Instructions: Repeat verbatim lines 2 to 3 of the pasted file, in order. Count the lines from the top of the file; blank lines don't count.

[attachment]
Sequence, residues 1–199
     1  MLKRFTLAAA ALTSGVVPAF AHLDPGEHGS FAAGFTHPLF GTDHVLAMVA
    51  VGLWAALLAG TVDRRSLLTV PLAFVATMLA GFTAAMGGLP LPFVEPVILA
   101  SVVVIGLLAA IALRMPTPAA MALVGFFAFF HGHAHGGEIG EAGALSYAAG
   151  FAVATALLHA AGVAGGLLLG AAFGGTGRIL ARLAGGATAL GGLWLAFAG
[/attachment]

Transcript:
     1  MLKRFTLAAA ALTSGVVPAF AHLDPGEHGS FAAGFTHPLF GTDHVLAMVA
    51  VGLWAALLAG TVDRRSLLTV PLAFVATMLA GFTAAMGGLP LPFVEPVILA